• Academy Award®

    Panama's submission for Best Foreign Language Film
  • SXSW

    24 Beats Per Second Audience Award
  • Panama International Film Festival

  • Guadalajara International Film Festival

  • Buenos Aires Independent Film Festival

  • New York Latino Festival

  • DocsBarcelona

  • Seattle International Film Festival

  • Enfoque Film Festival

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English and Spanish with English subtitles

With Ruben Blades, Sting, Paul Simon, Rene Perez (Residente), Gilberto Santa Rosa, Larry Harlow, Andy Montañez, Ismael Miranda, Junot Diaz, Luba Mason

Filmmaker may be available for a Q&A via Skype. Speaker fee: $300. Inquire at FILMCLUB@PRAGDA.COM.


Latin American icon Ruben Blades, whose “thinking man’s salsa” has earned him praise as the Bob Dylan of Latin America, was at the center of the New York Salsa revolution in the 1970’s. His socially charged lyrics and explosive rhythms brought Salsa music to an international audience. Blades has won 17 Grammys, acted in Hollywood, earned a law degree from Harvard and even run for President of his native Panama.

Featuring electrifying footage from his final tour, a lively and candid walk through his Chelsea, New York home and neighborhood, plus testimonials from such icons as Paul Simon, Sting, Francisco “Bush” Buckley, and Junot Díaz, Rubén Blades is Not My Name is a testament to a rare talent whose restless heart has indeed helped change the world.

About the Director
Abner Benaim studied International Relations and Economics at the University of Pennsylvania and later film directing at Camera Obscura, Tel Aviv. In 2004, he founded Apertura Films, an independent production company, in his native Panama, where he is considered a pioneer filmmaker. His first feature, Chance (2010) was the first film to be theatrically released in Panama in 60 years, and was seen by over 500,000 spectators. Invasion (2014) was Panama’s first submission to the Academy Awards and had an audience of 50,000 people in local theaters. Ruben Blades is not my Name has also been Panama’s submission to the Academy Awards. Among other films, he directed the documentaries Empleadas y Patrones (2010), Good Vibes (2003), and Round Trip to Panama (2002).

Benaim’s films have been selected at prestigious film festivals such as SXSW, IDFA, HOTDOCS and True False, and have won multiple awards as well as critical acclaim. Benaim’s work deals with social issues and touching personal stories told in an unceremonious, sometimes humorous and irreverent tone. 


“An intimate and personal portrait of the singer, composer, musician, actor, lawyer, and Panamanian politician.” – Juan Pablo Russo, Escribiendo Cine

“An intimate look at the life and musical legacy of living legend Rubén Blades, who spearheaded the New York Salsa revolution in the 1970s, advancing Latinx identity, unity and empowerment on the international stage.”American Film Institute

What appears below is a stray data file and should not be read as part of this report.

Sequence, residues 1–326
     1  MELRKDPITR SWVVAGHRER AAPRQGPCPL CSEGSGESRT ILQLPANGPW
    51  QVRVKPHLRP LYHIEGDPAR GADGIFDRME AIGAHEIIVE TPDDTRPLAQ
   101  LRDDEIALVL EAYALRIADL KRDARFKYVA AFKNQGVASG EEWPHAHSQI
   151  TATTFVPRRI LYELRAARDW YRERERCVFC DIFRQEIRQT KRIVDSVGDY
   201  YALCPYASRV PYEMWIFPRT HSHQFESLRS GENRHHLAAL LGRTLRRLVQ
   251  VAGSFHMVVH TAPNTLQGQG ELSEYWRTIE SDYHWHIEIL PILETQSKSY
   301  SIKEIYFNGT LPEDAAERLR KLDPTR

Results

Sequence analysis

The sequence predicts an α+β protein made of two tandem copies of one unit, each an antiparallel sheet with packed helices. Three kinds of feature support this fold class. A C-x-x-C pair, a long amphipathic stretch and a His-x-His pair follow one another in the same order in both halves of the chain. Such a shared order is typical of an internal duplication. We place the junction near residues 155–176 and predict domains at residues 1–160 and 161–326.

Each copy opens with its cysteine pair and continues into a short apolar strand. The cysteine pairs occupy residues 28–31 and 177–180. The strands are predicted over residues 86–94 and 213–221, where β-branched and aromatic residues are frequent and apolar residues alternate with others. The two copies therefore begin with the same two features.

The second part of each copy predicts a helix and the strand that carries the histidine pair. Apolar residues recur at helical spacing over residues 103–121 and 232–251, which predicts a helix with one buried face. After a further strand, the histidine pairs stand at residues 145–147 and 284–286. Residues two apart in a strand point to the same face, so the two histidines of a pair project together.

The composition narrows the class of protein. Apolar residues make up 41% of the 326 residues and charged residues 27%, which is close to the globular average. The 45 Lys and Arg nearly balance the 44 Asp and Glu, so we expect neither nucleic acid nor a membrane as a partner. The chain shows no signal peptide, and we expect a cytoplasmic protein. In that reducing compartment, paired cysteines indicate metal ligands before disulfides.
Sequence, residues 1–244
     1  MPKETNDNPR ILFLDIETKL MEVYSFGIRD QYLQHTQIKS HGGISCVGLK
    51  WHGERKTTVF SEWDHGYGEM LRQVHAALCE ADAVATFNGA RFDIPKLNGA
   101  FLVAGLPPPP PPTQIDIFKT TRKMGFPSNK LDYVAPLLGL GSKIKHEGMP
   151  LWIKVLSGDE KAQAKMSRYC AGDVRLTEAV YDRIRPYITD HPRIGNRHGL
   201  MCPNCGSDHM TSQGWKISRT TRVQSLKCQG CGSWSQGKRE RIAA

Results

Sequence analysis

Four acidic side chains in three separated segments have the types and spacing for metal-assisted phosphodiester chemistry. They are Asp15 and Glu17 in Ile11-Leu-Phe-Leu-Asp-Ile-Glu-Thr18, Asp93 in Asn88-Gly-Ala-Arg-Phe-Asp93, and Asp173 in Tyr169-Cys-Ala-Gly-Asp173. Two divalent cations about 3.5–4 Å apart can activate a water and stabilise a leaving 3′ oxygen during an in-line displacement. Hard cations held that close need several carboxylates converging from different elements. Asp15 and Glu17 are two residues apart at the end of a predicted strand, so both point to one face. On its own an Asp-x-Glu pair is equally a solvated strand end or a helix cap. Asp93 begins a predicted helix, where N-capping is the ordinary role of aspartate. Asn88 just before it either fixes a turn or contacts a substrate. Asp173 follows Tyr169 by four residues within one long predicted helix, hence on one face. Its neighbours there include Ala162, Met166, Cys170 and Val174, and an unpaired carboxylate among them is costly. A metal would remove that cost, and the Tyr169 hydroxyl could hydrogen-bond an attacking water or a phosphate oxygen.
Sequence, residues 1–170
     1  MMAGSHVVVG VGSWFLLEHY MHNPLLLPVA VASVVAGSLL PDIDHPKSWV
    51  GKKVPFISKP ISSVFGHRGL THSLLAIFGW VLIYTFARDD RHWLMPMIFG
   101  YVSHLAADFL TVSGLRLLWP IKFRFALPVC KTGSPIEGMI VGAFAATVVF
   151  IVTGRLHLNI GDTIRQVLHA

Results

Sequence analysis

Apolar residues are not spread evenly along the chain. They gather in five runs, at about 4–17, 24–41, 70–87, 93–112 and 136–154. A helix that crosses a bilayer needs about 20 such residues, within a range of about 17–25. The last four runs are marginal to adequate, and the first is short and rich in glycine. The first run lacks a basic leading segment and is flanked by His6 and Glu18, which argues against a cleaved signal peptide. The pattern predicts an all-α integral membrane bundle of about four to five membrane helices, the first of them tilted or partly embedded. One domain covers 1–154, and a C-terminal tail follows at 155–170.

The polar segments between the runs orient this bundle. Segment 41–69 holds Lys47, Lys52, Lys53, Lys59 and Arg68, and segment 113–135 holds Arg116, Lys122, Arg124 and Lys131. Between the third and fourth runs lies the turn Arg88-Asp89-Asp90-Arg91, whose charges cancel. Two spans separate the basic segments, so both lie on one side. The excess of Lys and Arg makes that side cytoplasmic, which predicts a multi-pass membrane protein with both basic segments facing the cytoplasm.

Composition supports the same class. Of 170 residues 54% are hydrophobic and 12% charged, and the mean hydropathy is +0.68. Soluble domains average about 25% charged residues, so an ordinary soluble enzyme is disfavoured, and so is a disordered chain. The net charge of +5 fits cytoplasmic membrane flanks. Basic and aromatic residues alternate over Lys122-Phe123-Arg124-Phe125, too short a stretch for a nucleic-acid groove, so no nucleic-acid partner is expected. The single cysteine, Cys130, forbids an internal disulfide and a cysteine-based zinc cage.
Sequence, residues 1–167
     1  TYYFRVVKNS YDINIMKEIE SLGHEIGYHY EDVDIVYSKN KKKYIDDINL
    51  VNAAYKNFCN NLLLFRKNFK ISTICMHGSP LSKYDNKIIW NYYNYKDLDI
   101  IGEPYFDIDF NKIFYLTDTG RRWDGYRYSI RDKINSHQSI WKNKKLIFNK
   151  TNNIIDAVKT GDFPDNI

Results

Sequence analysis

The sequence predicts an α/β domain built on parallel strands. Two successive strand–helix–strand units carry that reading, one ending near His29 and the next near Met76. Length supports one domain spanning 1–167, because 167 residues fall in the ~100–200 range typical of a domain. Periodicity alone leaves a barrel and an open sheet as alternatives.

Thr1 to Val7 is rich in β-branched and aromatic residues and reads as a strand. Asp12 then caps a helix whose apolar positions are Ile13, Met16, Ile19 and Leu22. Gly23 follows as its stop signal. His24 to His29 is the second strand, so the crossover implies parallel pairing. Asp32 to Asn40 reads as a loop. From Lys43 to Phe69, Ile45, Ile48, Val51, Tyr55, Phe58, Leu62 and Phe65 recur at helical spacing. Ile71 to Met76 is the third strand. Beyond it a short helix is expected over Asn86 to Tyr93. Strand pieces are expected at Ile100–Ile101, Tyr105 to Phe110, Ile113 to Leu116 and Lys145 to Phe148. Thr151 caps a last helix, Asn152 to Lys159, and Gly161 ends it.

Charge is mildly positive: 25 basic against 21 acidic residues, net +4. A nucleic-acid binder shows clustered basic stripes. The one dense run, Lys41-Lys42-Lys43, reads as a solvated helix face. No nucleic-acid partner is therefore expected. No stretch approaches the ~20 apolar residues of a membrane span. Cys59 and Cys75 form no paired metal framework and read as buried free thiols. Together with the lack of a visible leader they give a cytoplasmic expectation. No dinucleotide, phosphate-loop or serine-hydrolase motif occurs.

“Benaim’s film allows audiences to get better acquainted with the multi-talented artist and highly intelligent Renaissance man.” – Mark Saldana, True View review

“A behind-the-scenes look at salsa superstar, fine actor and all-around cool guy Rubén Blades...His talent and contribution to the genre of salsa cannot be underestimated, and seeing him comfortable on stage, belting out hits like the eternal Pedro Navaja or Patria is great, toe-tapping fun...it makes it clear just why he’s so revered in Latin America.” – Ernesto Zelaya Miñano, ScreenAnarchy

Notes on Film

“I grew up listening to his music. I’m from Panama myself, so I was a fan. There was a special connection just from knowing he’s from Panama. But when I grew older, I got a sense that the lyrics to his words were very different and special, and that they were somehow imbued in my mind. Just like the first time you listen to lyrics by Bob Marley, for example. The kind of lyrics that shape you. And then I figured that it’s not only me, of course. Not only Panama, but it’s all of Latin America mostly. It’s my generation, one generation above me and one below me. It’s three generations of Latin Americans and people, Latins in the States and Europe, who have [take] some kind of influence from his lyrics. Just taking all that was enough to get me curious about who’s behind those lyrics because his songs have become anthems and they keep on being present. You hear it and it sounds like listening to something old, it sounds like a revival. They have remained present.

It’s not a political movie, per se, but everything about it is somehow political or ideological in some sense. I think that edge that he has, that ability to say the truth without worrying what the consequence will be is something to learn from also.”

– Abner Benaim, Director